Madison Valley Secret

Brunch haven Hi Spot now serves dinner.

Hi Spot Cafe—beloved for its brunch and serving about 8 million amazing omelets every weekend—is now serving dinner. Few know about it yet, so like a proper gossip, we're going to blow Madrona's best-kept secret with a glowing review of Seattle's best stealth dinner spot. Upon first inspection of the menu, I was disappointed by the lack of innovation—every item seemed ordinary, something I've seen or eaten before. But the Hi Spot achieves transcendence by following the same formula for dinner that it does for brunch: standard fare cooked and presented at a level fit for the finest of palates. The dinner menu is chock-full of your favorite comfort meals at prices that won't break the bank. Summertime enhances the pleasure: Seated at a table on the patio, you feel you could easily be dining at a country restaurant in the summery south of France, complete with wafts of lavender lending a bottom note on the light breeze that blew occasionally during our supper al fresco. Appetizers arrived in all their simple splendor. We started with a Greek salad ($8.50), fresh and flawlessly tossed with the right amount of dressing (enough to coat each spinach leaf without making it limp). We backed our salad with a shrimp quesadilla ($8.95). Granted, melted cheese makes anything taste good, but the quesadilla filling of mozzarella, spinach, and a dash of pesto created an ideal marriage of flavors. Since it was a warm night, we sipped an Italian pinot grigio (Kris 2002, $18 a bottle or $5.50 a glass) on the recommendation of one of the numerous knowledgeable and friendly waitstaff. Dry and crisp, it quenched our thirst perfectly, but we might have chosen from a number of other interesting-looking and equally inexpensive nondomestic choices, as well as mainline bottlings from the Columbia Valley and California. To follow our appetizers, we decided to share a bowl of spaghetti puttanesca ($10.95): Pasta simply dressed with kalamata olives, tomato, capers, garlic, anchovy, all topped with grated Parmesan cheese, this dish burst with freshness and zest. You can play it straight-ahead American at the Hi Spot and order the New York steak with its side of grilled protobellos ($15.95), but the Latin-accented main dishes are where it's at valuewise, like grilled tilapia tacos with chipotle crème ($9.95) or the grilled chicken chile verde burrito in tomatillo sauce ($8.95). But the biggest deal-meal of all is the all- American Reuben ($8.50), served with a choice of salad, chips, or soup. As for us, even though we were stuffed to the brim, we couldn't pass up the strawberry shortcake ($4.50) and a pot de crème ($4.50, thick chocolate mousse with the consistency of warm butter). Both were well worth the stomach-hurts-because-I-ate-too-much feeling. The French say that the measure of a good chef is how he cooks an omelet; it seems like such a simple dish, but it's one of the hardest to do perfectly. As with their omelets at lunch, the Hi Spot Cafe has worked its magic on some of our favorite meals and transformed them into a gourmet's delight. Hi Spot Cafe, 1410 34th Ave., 206-325-7905. Dinner 5–9:30 p.m. Tues.–Sat. info@seattleweekly.com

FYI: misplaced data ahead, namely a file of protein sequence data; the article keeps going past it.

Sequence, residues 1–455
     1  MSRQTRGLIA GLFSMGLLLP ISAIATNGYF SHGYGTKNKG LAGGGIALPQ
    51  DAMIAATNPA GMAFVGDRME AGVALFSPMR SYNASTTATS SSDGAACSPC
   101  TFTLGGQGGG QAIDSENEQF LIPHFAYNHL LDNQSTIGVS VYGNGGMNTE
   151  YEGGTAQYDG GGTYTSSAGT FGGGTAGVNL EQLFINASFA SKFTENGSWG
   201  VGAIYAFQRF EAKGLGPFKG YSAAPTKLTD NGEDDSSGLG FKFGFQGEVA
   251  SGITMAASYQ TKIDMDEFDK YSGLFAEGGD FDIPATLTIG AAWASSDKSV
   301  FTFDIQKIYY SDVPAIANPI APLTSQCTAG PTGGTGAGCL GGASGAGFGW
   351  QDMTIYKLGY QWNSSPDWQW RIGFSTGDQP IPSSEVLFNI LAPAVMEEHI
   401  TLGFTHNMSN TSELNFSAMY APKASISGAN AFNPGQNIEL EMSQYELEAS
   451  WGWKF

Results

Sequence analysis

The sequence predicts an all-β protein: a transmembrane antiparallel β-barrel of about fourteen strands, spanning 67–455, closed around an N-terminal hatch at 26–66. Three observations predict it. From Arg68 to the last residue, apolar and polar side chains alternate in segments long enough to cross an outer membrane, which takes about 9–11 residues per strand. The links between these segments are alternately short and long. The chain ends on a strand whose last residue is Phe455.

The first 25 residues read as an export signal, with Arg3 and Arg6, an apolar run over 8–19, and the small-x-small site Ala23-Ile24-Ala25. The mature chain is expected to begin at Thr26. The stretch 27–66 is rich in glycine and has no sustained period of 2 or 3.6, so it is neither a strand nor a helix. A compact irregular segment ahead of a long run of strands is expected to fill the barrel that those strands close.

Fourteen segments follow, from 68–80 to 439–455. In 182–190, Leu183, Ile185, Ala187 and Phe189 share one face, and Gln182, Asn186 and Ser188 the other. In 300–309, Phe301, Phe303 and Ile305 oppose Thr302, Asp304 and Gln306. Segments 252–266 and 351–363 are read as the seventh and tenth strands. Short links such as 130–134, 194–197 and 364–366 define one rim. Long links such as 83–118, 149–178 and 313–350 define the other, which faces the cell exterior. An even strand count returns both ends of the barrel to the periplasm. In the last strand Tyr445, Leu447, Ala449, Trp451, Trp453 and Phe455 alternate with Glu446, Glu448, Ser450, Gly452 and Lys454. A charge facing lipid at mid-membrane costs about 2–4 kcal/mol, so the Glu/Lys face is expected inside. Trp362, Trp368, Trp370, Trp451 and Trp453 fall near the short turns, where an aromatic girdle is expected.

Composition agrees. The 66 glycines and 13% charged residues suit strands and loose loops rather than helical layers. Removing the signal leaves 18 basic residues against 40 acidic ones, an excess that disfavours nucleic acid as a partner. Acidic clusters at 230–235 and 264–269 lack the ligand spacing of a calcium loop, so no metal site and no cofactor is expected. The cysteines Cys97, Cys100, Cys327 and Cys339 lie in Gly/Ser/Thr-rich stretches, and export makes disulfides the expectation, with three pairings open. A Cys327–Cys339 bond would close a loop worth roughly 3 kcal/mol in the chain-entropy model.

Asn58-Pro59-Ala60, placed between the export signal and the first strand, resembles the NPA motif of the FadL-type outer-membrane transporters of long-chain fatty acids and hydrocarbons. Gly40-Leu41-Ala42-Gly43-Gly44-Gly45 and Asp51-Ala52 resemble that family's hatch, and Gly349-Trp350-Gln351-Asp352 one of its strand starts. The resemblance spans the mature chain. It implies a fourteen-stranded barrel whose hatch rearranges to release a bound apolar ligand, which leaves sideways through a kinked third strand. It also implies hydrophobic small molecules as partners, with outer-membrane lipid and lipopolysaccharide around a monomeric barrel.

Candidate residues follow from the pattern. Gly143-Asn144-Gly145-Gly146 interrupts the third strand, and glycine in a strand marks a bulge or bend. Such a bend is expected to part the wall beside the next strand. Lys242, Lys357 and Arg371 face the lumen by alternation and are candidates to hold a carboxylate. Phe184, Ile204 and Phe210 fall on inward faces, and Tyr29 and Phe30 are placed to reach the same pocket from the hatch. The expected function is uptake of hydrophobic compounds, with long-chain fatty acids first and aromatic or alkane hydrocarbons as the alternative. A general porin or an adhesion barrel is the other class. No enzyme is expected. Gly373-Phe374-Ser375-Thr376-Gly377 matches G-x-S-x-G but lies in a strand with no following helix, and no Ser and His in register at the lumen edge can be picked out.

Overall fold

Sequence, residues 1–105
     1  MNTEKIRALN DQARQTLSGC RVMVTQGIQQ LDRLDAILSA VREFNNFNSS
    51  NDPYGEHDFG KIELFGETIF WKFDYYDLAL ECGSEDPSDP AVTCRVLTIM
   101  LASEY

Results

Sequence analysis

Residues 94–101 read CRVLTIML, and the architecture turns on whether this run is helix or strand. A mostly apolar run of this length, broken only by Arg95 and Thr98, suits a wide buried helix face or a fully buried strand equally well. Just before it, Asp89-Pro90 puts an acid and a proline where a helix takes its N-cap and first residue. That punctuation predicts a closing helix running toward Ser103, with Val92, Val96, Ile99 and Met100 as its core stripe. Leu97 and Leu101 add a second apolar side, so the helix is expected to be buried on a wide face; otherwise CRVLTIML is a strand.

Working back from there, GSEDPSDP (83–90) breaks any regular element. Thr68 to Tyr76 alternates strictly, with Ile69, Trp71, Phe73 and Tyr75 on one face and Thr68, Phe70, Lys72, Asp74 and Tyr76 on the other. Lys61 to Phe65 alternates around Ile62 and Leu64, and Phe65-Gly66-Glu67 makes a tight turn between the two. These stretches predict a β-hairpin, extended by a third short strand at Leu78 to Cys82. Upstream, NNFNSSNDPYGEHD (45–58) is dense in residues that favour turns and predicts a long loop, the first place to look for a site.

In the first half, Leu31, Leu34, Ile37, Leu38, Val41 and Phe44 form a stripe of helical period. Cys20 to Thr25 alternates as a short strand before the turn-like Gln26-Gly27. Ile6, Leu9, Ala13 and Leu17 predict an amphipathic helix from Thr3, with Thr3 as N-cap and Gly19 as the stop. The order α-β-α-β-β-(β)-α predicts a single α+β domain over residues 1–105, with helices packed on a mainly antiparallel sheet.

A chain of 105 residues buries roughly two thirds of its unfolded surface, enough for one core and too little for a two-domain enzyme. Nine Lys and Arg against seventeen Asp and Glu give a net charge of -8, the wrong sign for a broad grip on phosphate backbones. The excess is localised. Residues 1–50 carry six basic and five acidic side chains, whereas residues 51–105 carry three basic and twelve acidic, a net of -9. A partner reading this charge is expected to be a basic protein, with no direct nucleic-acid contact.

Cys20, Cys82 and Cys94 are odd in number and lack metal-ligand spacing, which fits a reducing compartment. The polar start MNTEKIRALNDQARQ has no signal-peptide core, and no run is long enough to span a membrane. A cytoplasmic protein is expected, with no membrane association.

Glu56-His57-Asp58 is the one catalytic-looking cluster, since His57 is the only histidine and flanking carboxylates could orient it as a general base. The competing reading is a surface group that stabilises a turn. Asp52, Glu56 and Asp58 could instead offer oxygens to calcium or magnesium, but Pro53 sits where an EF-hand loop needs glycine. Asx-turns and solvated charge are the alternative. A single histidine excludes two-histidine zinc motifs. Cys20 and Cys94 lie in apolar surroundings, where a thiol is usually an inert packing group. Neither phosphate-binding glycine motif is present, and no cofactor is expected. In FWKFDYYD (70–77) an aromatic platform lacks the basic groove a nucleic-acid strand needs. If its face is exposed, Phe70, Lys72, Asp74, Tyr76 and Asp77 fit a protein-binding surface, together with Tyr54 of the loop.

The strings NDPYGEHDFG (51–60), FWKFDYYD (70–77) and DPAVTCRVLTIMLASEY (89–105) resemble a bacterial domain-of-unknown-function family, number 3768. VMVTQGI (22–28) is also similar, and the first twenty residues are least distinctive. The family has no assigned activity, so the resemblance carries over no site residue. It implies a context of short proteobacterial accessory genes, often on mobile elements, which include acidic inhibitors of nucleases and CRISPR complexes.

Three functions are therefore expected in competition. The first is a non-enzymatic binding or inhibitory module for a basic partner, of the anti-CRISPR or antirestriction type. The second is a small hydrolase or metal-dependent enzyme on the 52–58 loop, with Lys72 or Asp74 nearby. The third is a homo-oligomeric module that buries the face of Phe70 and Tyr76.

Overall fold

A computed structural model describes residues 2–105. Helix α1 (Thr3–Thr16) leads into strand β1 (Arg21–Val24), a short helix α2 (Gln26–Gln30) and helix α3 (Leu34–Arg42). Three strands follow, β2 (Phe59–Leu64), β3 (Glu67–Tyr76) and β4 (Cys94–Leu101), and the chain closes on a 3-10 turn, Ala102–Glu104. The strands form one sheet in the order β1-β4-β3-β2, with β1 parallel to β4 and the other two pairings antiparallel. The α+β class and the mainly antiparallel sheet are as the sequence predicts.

comments powered by Disqus